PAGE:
Throughout the Charlie Hebdo outrage and its aftermath earlier in the year, pundits in their desire to defend Islam often pointed our attention to the depredations of Christianity over the ages: the Crusades; the Inquisition; the 30 Years War; the conquest of the Americas. When it came to savagery, they bewailed, few religions could hold a candle to your fervent Christian, who would slash, burn and massacre everything in his path.
Ah, came the counter-response, these are all matters of the remote historical past. Christianity has now moved on, matured, lost its bloody zeal, acquired sense, tranquillity and good order. Most British Christians hardly believe half of it all anyway, they are only in it for the carols, and tea and cake at the vicarage on a Sunday. Show me today the militant Christians ready to inflict terror on the world like the extremists of Islam?
There is something to these arguments. Yet in the end for me it's not really a question of whether historically Christianity has been more or less bloody-thirsty than Islam. What people in the West tend to forget is that a reinterpretation of the Christian narrative is central to the very genesis of Islam.
Terror is I think intrinsic to the historical legacy of Judaism and Christianity, impinging on the psyche of people in the West from a very early age. Yet I am also intrigued at how a re-interpretation of that 'terror' has manifested itself in the Islamic world.
Let me start off with my own small universe. As a little Catholic boy in England, the figure of Jesus writhing in agony on a crucifix was the dominating image of my childhood, an image I was subjected to constantly in my primary school classrooms and in weekly masses at church. Before I could hardly form sentences, this intense horror was my constant companion. I was soon informed that it was all my fault: I was guilty and Our Lord had died to redeem my sins...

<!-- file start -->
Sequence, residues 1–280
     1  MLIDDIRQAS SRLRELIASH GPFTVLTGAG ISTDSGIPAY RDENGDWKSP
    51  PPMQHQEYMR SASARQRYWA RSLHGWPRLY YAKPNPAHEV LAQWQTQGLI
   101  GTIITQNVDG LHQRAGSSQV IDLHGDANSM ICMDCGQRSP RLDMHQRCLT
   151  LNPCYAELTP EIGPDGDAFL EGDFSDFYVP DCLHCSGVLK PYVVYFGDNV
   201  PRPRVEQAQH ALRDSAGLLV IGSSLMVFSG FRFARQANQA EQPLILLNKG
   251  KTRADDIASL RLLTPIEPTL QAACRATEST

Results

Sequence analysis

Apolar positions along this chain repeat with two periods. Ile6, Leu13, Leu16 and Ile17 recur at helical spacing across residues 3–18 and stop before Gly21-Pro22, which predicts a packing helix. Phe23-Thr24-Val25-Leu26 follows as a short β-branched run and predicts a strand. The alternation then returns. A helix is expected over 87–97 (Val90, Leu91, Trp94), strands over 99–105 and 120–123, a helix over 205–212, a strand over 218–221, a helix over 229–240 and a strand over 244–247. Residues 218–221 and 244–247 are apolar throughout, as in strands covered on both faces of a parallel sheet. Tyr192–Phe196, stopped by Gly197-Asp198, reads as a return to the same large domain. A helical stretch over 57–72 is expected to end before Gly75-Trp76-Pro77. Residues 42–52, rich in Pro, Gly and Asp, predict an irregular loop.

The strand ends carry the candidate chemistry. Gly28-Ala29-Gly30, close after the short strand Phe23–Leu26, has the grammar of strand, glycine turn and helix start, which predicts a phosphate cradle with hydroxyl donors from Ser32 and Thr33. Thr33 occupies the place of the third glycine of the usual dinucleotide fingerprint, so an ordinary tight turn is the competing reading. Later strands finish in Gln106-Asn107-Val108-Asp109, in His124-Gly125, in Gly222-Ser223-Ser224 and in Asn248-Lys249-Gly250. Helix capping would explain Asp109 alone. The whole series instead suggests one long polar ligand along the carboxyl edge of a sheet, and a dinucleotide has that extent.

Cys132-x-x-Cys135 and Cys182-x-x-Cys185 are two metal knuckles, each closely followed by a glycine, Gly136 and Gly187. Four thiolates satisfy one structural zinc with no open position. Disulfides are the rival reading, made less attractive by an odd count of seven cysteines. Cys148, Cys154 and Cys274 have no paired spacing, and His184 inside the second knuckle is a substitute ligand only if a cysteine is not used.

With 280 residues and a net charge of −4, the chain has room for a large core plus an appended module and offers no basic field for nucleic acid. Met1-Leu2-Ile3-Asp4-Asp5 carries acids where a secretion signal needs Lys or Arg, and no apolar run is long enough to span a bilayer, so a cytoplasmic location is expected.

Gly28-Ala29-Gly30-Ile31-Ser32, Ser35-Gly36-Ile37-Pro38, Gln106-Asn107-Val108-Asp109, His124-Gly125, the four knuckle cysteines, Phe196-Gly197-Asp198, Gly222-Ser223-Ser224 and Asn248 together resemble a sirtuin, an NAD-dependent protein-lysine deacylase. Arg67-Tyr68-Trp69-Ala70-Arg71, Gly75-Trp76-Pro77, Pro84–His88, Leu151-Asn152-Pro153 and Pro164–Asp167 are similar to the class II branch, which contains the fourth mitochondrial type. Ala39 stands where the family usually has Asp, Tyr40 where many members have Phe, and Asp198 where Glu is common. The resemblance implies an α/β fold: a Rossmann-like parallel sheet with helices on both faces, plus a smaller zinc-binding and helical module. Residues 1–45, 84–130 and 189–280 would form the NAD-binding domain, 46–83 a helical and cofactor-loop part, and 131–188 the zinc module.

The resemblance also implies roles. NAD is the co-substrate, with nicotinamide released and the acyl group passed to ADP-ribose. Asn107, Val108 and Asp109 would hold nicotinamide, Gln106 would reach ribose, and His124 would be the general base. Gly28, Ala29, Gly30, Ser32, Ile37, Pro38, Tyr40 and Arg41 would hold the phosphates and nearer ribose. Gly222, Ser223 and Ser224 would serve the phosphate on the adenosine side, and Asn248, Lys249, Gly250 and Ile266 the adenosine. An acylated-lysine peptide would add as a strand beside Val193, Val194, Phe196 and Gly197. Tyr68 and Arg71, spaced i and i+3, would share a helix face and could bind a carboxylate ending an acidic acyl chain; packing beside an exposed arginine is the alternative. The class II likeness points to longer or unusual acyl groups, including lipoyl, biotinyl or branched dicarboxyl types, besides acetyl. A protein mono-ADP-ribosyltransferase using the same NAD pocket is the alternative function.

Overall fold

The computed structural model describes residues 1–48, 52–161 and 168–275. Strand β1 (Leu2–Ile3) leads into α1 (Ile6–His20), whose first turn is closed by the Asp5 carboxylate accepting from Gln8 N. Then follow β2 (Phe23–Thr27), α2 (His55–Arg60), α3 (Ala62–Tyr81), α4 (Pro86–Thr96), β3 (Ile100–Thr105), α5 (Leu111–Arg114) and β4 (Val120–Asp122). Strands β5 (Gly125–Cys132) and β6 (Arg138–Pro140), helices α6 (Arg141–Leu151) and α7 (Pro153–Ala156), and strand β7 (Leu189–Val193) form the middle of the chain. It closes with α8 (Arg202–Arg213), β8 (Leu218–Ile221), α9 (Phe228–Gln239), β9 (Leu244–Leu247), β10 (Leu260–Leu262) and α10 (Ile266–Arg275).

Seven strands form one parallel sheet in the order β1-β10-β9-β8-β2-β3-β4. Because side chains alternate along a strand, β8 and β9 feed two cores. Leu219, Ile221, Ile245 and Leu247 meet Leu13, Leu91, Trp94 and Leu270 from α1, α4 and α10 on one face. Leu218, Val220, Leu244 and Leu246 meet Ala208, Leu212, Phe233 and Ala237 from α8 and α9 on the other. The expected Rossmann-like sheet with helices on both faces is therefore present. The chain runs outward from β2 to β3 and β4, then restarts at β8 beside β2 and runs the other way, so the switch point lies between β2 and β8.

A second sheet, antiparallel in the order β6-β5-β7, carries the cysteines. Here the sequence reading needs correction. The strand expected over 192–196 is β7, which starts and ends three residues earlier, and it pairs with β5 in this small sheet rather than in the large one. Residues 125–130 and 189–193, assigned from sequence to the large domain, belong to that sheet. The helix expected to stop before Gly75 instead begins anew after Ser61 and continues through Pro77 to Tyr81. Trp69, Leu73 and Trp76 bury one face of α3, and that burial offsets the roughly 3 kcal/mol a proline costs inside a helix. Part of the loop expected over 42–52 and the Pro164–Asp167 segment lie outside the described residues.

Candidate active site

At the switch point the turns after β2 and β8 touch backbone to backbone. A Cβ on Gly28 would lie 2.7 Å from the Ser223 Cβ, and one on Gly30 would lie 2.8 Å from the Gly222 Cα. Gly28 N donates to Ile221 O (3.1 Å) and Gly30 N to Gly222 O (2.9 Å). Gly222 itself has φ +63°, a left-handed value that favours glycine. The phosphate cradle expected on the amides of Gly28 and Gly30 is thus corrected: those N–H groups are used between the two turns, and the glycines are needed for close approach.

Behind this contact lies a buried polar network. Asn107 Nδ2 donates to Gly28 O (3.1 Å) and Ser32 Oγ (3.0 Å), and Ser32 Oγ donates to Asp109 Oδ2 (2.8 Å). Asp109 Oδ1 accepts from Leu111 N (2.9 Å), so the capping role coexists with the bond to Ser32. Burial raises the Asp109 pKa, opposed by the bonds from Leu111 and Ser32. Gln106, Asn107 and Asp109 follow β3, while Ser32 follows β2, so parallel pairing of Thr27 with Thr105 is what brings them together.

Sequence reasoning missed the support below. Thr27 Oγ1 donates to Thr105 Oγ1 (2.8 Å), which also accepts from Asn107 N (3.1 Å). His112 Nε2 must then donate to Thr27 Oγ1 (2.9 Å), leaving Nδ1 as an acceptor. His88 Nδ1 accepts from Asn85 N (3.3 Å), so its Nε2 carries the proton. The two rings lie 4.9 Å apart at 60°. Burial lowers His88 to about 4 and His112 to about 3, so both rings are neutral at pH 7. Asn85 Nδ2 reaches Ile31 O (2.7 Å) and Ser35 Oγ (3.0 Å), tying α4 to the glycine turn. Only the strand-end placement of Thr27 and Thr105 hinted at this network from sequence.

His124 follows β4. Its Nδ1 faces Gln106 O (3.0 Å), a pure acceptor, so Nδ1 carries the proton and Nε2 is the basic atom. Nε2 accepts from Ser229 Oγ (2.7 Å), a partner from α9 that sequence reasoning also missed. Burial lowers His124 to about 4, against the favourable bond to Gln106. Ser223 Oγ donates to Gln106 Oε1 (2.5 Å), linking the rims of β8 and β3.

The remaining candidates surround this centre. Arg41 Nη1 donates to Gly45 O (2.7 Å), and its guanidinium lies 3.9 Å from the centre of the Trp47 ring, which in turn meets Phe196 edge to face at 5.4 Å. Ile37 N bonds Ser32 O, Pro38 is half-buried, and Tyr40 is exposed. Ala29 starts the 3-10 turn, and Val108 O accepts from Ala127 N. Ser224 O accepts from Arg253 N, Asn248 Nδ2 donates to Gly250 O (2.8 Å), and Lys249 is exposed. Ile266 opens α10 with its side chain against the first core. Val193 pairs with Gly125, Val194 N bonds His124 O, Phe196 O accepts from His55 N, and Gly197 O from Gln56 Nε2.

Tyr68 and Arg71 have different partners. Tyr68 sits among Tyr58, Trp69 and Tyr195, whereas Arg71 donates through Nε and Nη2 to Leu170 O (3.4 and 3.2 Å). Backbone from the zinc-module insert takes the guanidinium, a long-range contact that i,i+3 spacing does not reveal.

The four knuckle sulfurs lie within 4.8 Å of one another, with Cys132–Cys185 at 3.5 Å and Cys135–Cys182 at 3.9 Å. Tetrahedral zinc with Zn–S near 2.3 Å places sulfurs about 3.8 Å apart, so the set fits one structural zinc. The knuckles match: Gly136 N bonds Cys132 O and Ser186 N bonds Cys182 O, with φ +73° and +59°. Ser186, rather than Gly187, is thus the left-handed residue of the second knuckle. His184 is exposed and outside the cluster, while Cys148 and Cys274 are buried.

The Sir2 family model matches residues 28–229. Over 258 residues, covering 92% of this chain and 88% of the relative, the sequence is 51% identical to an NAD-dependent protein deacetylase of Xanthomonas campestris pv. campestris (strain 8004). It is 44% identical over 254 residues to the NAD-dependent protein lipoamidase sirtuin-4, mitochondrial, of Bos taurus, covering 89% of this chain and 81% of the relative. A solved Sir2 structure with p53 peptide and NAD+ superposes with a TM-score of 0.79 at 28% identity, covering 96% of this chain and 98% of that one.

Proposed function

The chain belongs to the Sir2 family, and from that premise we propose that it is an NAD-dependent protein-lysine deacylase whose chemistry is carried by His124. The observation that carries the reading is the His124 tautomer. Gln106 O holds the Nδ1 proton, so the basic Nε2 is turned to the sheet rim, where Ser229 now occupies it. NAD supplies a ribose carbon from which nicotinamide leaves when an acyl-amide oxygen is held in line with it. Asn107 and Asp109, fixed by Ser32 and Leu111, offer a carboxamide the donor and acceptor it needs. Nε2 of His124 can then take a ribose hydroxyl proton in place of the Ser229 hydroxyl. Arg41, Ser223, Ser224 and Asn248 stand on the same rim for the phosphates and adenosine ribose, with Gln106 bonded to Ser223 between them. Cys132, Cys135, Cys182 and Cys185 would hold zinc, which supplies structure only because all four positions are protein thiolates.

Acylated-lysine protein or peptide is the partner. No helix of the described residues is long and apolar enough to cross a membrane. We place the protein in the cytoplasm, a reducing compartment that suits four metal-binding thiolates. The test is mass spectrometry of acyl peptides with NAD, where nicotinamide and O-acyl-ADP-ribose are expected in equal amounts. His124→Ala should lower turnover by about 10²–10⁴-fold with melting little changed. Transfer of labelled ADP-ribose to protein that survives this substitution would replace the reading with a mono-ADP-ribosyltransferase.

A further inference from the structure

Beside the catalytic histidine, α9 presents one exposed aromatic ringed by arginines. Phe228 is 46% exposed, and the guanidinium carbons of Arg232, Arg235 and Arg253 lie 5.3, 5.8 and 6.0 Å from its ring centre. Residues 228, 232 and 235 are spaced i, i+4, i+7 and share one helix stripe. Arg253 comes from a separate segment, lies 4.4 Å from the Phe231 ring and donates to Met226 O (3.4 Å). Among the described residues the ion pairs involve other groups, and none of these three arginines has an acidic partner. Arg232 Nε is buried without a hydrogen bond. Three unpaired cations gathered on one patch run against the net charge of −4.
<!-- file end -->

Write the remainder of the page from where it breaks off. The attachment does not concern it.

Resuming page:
This terror was forever planted in my psyche, such that no amount of rationalizing could ever quite wash it away. I'm keen however that my own children will not be exposed to the same abuse. Even in today's secular age however, it's surprisingly difficult to keep an impressionable young mind away from a sudden avalanche of religious terror.
Let me give you an example. The other day my 6-year-old son happened upon a mounted reproduction of Leonardo's 'Last Supper' given to me as a gift by my grandmother for my first Holy Communion when I was 7.
'I know this picture, Daddy' he said. 'We learnt about it at school. It was made by someone whose name begins with a L...'
'That's right', I marvelled. 'Leonardo! Like one of the turtles.' (6-year-olds see the world refracted through a lens held up by Teenage Ninja Mutant Turtles.)
'My friend T says that he cut off his ear and shot himself.'
'No, no, darling. That was Van Gogh.'
(Looking at the picture) 'And one of them did something quite naughty to Jesus...'
'Oh, that was Judas...'
'And what happened to him?'
'He hung him...er, he got quite sad and died.'
'And what happened to Jesus?'
'Er, he was cru....he died too.'
I was thankful he didn't ask me what happened to all the other apostles: crucified, beheaded, crucified upside down (image by Michelangelo below) ...Is there any religion in the history of the world that is as brutal in its iconography as Christianity? In Britain, I rarely take my children into churches but while on holiday in Spain recently, I frequently entered churches only to be confronted with ghastly images of nails being hammered into Christ's feet, blood dripping from his crown of thorns, a soldier plunging a lance into his side. My children wanted to know why poor Jesus was constantly being savagely tortured in this way (Flagellation scene by Cranach the Elder below). At the time the best secular response I could muster was, 'He was a man of ideas, darling, and people didn't like that', but a more accurate response would be, 'Because the Church wishes to terrorize your imagination and fill it with horrors'.